Berry

Our Best Blackberry Cobbler

by:
May 22, 2020
Photo by James Ransom
Author Notes

A cobbler is not the same as a crisp, crumble, buckle, betty, or grunt. It’s a fruit-based dessert topped with cookie, biscuit, or cake batter, arranged and baked in a way that resembles cobblestones. (Peek our explainer on the differences here.)

All-purpose flour makes for a biscuit that’s sturdy enough to stamp into clean-sided rounds, but tender enough to break apart with a spoon. Work the shaggy dough with a light touch and keep the rounds in the freezer to ensure the finished biscuits are as flaky as can be. Cultured butter has a tangy, almost cheesy flavor that gives the sugary biscuits and berries a much-welcome backbone. If all you have is plain and unsalted though, your biscuits will be very much OK.

The filling, as is, is not too sugary, allowing the berries’ natural sweet-tartness to shine through. If you taste your berries and find them not-so-flavorful, bump up the sugar in the filling by 1 to 2 tablespoons. As for frozen versus fresh berries—go for what makes sense seasonally and economically. Fresh and out-of-season berries will be more expensive (and worse, mushy or off-tasting) than those frozen at peak ripeness. Serve with a globe—or two!—of vanilla ice cream for dessert, or with a dollop of yogurt for breakfast. —Coral Lee

  • Prep time 15 minutes
  • Cook time 1 hour 10 minutes
  • Makes 1 9-inch cobbler
Ingredients
  • Biscuit cobblestones
  • 2 cups (256 grams) all-purpose flour
  • 3 tablespoons granulated sugar
  • 1 tablespoon baking powder
  • 2 teaspoons lemon or lime zest (from 1 medium lemon, or 2 to 3 limes)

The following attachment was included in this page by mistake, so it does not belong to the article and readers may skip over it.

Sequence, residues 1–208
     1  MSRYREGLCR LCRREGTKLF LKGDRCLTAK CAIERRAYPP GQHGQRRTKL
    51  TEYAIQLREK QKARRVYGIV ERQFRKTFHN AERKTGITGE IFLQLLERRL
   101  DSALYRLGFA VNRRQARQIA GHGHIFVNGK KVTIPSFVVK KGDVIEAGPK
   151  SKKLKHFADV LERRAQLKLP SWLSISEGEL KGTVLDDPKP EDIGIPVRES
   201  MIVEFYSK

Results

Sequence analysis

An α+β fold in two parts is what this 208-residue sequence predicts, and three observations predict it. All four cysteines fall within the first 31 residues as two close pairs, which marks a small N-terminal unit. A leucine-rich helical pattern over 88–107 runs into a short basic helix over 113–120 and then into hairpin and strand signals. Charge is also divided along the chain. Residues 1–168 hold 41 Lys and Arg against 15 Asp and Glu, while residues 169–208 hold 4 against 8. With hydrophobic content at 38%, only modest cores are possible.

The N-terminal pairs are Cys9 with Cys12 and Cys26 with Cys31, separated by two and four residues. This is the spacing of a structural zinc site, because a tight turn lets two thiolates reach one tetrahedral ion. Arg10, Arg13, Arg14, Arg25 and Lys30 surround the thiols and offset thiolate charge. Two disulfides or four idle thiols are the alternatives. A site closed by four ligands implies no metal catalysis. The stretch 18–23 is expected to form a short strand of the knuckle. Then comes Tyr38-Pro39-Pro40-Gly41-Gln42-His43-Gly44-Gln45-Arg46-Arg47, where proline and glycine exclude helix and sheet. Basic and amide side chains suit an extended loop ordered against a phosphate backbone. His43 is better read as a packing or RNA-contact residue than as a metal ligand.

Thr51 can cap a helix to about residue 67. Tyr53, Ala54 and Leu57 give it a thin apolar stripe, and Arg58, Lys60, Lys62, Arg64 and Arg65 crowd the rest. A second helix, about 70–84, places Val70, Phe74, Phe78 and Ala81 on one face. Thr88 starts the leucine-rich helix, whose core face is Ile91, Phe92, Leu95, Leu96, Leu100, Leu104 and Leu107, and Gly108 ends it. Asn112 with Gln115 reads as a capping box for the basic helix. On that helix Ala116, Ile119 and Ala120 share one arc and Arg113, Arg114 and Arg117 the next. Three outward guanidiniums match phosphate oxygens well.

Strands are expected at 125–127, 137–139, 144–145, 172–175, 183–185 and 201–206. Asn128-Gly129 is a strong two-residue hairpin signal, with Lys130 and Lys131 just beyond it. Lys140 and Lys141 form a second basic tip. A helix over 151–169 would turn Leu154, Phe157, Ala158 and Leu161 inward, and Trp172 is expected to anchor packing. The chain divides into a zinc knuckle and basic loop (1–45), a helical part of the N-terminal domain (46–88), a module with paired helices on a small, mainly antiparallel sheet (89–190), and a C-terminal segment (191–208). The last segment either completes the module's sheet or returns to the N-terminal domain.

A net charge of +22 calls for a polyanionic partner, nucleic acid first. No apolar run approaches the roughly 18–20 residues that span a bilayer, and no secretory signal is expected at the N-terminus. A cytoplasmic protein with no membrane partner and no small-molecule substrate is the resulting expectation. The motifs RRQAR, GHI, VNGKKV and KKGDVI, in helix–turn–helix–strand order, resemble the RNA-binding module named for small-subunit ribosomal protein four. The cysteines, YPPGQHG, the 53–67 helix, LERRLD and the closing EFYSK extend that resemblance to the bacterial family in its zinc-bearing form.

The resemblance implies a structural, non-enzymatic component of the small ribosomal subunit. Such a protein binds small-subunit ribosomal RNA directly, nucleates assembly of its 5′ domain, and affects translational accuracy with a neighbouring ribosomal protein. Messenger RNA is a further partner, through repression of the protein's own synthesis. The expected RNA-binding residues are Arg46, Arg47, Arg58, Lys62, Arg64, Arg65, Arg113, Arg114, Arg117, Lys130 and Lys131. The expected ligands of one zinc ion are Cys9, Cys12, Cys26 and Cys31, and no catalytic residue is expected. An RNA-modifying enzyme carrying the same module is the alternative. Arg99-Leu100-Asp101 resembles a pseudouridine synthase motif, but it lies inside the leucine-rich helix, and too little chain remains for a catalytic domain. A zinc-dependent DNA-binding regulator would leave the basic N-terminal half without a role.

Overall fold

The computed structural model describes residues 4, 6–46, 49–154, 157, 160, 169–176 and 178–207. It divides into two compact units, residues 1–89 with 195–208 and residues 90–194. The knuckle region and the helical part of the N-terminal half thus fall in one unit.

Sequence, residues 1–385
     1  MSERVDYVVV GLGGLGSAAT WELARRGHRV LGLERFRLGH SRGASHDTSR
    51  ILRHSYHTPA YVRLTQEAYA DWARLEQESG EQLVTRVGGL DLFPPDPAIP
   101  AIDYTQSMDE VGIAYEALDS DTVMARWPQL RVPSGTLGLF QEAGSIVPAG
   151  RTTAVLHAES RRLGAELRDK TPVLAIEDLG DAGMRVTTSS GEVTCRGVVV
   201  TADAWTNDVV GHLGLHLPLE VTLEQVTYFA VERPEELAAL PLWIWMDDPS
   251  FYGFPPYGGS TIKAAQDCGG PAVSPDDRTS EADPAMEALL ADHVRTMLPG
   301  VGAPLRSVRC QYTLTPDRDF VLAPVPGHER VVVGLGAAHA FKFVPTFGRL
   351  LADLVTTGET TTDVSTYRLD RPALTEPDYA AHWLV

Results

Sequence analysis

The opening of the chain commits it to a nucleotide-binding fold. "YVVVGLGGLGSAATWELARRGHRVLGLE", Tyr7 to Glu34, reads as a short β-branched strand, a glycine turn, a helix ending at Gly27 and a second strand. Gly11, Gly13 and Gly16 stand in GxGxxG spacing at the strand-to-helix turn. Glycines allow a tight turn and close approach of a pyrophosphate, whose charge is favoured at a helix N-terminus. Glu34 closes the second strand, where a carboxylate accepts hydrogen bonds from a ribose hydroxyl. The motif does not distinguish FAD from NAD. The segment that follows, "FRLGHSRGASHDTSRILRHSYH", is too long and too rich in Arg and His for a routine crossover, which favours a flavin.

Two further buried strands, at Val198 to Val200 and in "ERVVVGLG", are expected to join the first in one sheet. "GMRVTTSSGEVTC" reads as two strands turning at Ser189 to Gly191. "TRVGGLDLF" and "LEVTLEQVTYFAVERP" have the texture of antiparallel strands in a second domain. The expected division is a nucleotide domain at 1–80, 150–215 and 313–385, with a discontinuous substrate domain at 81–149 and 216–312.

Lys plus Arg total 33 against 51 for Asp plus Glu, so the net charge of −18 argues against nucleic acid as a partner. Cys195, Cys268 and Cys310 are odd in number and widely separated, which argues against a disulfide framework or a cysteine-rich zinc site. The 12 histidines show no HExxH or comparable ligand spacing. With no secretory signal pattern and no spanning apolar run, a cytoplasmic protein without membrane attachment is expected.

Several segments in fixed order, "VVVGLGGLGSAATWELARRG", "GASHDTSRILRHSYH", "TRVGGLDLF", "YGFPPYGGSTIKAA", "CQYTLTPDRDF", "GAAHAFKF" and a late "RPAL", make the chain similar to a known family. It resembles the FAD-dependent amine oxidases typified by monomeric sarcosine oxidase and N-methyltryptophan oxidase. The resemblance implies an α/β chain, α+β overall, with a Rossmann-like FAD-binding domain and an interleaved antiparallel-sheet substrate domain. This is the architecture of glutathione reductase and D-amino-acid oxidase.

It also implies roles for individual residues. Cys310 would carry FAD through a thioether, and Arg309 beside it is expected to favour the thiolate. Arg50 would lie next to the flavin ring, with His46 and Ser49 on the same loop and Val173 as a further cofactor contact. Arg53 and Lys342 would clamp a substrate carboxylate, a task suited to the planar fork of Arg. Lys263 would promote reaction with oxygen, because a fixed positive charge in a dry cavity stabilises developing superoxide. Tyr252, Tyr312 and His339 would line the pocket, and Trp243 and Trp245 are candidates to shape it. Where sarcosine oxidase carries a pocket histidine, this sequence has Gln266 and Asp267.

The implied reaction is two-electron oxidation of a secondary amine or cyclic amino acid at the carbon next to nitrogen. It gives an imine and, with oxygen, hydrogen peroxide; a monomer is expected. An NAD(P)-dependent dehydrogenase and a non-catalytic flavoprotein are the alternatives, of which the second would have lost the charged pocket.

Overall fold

• 1 stick (113 grams) cultured unsalted butter, cold and cut to 1/2-inch pieces
  • 1 teaspoon kosher salt
  • 1 1/4 cups (300 grams) heavy cream, plus more for finishing
  • 2 tablespoons turbinado sugar, plus more as needed
  • Filling
  • 1 1/2 pounds (about 4 1/2 cups) frozen or fresh blackberries
  • 3 tablespoons granulated sugar
  • 2 tablespoons lemon or lime juice (from 1/2 a medium lemon, or 1 lime)
  • 1 tablespoon plus 1 teaspoon cornstarch
  • 1/4 teaspoon kosher salt
  • 1 teaspoon pure vanilla extract
  • 1 teaspoon Luxardo or almond extract
  • 1/4 teaspoon ground cardamom or cinnamon
  • 1/8 teaspoon rose or orange flower water (optional)
In This Recipe
Directions
  1. Heat the oven to 400°F.
  2. Stir the flour, sugar, baking powder, and zest together with a fork in a large mixing bowl. Plop in the butter pieces and, working quickly with your hands, toss the pieces in flour and smush each into a thin chip. Add the heavy cream, and bring together the dough into a shaggy mass using a flexible bowl scraper. Cut into quarters, and stack the pieces atop each other. Press down to flatten, roll to 1/4-inch thickness, and stamp out circles using a 1-inch round cutter. Freeze the circles while you prepare the filling.
  3. Combine all of the filling ingredients in a large bowl, toss to coat well, then transfer to a 9-inch cast-iron skillet. Level out fruit, then top with the frozen biscuit rounds, nestling them together like cobblestones. Brush each biscuit with a thin wash of heavy cream and sprinkle with turbinado sugar.
  4. Set the skillet onto a baking sheet. Bake for 10 minutes, then drop the temperature to 350°F and continue to bake until golden brown and burbling, about 1 hour longer. Let cool only slightly before serving with ice cream.

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Coral Lee is an Associate Editor at Food52. Before this, she cooked food solely for photos. Before that, she cooked food solely for customers. And before that, she shot lasers at frescoes in Herculaneum and taught yoga. When she's not writing about or making food, she's thinking about it. Her Heritage Radio Network show, "Meant to be Eaten," explores cross-cultural exchange as afforded by food. You can follow her on Instagram @meanttobeeaten.